Mindfulness

What Is Mindfulness?

  • Watching your thoughts.
  • Being in the present moment without judgment.
  • Knowing that the only time you ever have is NOW.
  • Focusing on what you are doing (e.g. just brushing your teeth).
  • Noticing your thoughts.
  • Accepting that there is suffering eases suffering.

COAL (Daniel Siegel)

Curiosity
Openness to possibilities
Acceptance- of life as it is
Loving kindness (compassion)

Mindful Presence

  • Presence is the practitioner’s way of being with the person who is seeking help. The practitioner is empathic of the others experience. (Siegel)
  • Presence requires openness to the other person, non-judgment, respect, concern with the person’s dignity, ability to have mutual trust, commitment, engagement and is involved, genuine and authentic. (Gottlieb)
  • Presence is conveyed through tone of voice, body language, focus solely on the patient, eye contact. (Gottlieb)

Why Practice Mindfulness In the Clinical Setting?
Mindfulness is required for nurses to engage in authentic presence and attentive listening with their patients (Gottlieb):

  • Parents-to-be are in a high stress time during labor and delivery, postpartum, or with a baby in the NICU (or any other medical procedure) and nurses have to be fully present to really hear what parents are telling them. Parents will feel more cared for and attended to when their nurse focuses on them.
  • Often patients come with stories of their situation that are overwhelmingly sad or disturbing and being fully present and in the moment (mindfulness) helps the nurse to center herself as she or he care for the patient.
  • A few deep breaths helps the nurse to calm herself and deal with anything that comes up.
  • Nurses can factor moments of meditation into the course of the workday — say, while washing their hands, having a snack or coffee, or pausing before entering the next patient room to focus on breathing.

Why Be Mindful?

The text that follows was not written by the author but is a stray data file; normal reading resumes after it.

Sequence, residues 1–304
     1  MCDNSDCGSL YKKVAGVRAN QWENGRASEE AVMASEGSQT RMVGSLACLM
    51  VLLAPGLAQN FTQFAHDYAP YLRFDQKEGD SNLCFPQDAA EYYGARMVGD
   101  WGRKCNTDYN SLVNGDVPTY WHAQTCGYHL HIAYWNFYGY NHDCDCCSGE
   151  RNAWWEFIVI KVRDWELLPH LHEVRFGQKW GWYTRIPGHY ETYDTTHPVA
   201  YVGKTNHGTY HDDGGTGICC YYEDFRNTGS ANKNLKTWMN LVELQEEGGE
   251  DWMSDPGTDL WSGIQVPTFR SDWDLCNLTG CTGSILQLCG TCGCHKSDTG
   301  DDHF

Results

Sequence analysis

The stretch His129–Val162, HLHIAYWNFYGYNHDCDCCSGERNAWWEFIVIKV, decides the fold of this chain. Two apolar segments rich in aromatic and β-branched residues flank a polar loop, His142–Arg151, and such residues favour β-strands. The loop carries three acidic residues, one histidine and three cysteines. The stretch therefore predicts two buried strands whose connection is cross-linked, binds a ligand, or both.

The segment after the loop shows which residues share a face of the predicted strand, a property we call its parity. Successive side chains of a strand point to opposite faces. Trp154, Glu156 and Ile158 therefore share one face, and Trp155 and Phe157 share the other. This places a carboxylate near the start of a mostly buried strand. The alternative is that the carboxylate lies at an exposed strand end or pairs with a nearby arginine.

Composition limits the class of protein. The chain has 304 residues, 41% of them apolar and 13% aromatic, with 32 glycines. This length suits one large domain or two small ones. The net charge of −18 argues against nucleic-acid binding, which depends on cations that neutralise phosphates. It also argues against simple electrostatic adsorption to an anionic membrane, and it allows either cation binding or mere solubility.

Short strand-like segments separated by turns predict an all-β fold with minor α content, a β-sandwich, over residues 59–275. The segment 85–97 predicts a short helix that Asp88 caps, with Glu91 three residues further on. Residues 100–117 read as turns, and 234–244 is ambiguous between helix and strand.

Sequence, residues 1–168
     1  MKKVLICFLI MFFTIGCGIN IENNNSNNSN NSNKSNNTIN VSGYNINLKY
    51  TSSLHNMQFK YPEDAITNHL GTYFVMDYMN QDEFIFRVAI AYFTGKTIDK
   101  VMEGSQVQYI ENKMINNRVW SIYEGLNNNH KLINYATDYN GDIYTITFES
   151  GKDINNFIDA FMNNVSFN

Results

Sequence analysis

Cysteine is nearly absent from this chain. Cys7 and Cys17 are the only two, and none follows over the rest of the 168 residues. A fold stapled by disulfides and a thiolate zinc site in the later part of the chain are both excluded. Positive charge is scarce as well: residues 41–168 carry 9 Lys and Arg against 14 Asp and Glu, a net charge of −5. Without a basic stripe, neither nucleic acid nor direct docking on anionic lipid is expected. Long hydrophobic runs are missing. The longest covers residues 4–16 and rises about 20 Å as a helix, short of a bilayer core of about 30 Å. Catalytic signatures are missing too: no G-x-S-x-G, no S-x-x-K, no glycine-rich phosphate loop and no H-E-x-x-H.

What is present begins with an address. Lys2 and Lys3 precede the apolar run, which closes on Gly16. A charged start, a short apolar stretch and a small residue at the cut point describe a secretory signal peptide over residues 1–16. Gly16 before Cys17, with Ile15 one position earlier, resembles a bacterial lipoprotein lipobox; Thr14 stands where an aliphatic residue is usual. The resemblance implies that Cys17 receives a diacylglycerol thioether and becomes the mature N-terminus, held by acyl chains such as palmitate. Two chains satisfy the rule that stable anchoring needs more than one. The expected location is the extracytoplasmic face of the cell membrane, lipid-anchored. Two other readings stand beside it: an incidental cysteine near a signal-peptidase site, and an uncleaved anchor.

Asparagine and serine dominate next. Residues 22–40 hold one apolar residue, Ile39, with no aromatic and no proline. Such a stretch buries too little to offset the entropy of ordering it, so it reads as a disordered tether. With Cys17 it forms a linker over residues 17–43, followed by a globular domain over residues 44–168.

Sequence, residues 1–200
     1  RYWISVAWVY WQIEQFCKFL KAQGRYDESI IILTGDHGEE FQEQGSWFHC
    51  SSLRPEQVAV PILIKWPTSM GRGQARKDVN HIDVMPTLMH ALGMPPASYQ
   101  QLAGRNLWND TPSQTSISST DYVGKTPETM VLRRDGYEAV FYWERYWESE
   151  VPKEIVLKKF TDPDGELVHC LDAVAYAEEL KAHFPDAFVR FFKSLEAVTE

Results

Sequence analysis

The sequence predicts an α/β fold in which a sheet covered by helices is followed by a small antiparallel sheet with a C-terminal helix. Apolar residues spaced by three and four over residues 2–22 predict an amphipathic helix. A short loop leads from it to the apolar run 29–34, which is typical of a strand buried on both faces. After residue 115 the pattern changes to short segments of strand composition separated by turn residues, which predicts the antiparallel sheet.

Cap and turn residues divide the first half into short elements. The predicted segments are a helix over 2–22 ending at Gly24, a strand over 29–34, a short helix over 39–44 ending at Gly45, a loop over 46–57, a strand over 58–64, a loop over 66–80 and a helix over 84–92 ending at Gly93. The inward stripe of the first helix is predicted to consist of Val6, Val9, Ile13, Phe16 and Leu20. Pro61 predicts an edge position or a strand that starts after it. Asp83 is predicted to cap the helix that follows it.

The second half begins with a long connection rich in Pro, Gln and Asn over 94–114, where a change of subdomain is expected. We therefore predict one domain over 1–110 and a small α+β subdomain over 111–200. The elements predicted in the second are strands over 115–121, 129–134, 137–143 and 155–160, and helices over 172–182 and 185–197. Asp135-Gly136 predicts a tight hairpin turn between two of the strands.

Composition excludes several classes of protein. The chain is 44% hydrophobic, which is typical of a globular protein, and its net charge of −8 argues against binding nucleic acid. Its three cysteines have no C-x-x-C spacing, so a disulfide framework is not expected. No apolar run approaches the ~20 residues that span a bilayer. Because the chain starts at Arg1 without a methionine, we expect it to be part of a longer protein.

• Studies suggest that mindfulness practices may help people manage stress, cope better with serious illness and reduce anxiety and depression.
  • Many people who practice mindfulness report an increased ability to relax, a greater enthusiasm for life and improved self-esteem.
  • One NIH-supported study found a link between mindfulness meditation and measurable changes in the brain regions involved in memory, learning, and emotion.
  • Another researcher reported that mindfulness practices may reduce anxiety and hostility and lead to reduced stress, fewer fights, and better relationships.

How Mindfulness Works

  • Poly Vagal Theory: The Sympathetic fight or flight versus the Parasympathetic restoration.
  • Most people with anxiety overestimate danger and risk and are unable to inhibit defense reactions even in safe place.
  • Mindfulness can stimulate the Para-sympathetic nervous system.

Helping patients feel calm

  • Slowing down breathing activates the vagus nerve and increases parasympathetic tone.
  • One cannot have a calm mind with a tense body and vice versa. You can change the mind by changing the body.

Some tips

  • Attune your breathing to your patient’s breathing rhythm.
  • Help your patient increase awareness of breathing patterns and tension in the chest. This helps the mind and body to connect.
  • Tone of voice, facial expressions, body language & caring helps activates the parasympathetic nervous system, much like when a child looks to his/her mother for reassurance when scared.
  • Meditation, visualization, affirmation, prayer & music can activate the parasympathetic nervous system

Breath Meditations For Yourself Or Your Patients

  • Focus on your breath and slow your breath by counting to 4. Inhale to the count of 4 and exhale to the count of 4.
  • Diaphragmatic breathing technique.
  • Notice one breathe filling your chest and stomach with air, notice when you can’t take in any more air and the sensation of your breath leaving your body.
  • Relax your face, hands, and forehead.
  • Exhale longer then you inhale.

Other Mind-Body Techniques

  • Inhale through your nose and flex the muscles in your arms and legs. Hold your breath for a few seconds. Exhale through your mouth and relax your muscles.
  • Inhale through your mouth as if you are breathing through a straw. Focus on the cool air entering your body. Hold your breath for several seconds and exhale slowly through the nose.
  • Feel your feet touching the floor. Notice the pressure, temperature and sensations. Notice the places of contact between your body and the chair, your back, and the back of your legs.

Some Studies On the Benefits Of Mindfulness

  • Physiological and Psychological benefits:
    • increased subjective well-being
    • Reduced psychological symptoms and emotional reactivity
    • Improved behavioral regulation. (Keng, Smoski, Robins)
  • Significant increases in left-sided anterior brain activity which is associated with positive emotional states (Davidson and Kabbat-Zinn)
  • The Relaxation Response:
    Biochemical and physical changes in the body, including changes in: metabolism, heart rate, respiration, blood pressure and brain chemistry (Benson)
  • EEG activity begins to slow as a result of the practice of meditation (March 2006 article in the “Psychological Bulletin”)
  • Diagnoses for which Mindfulness- Based Stress Reduction (MBSR) was found to be helpful included: chronic pain, fibromyalgia, cancer patients and coronary artery disease.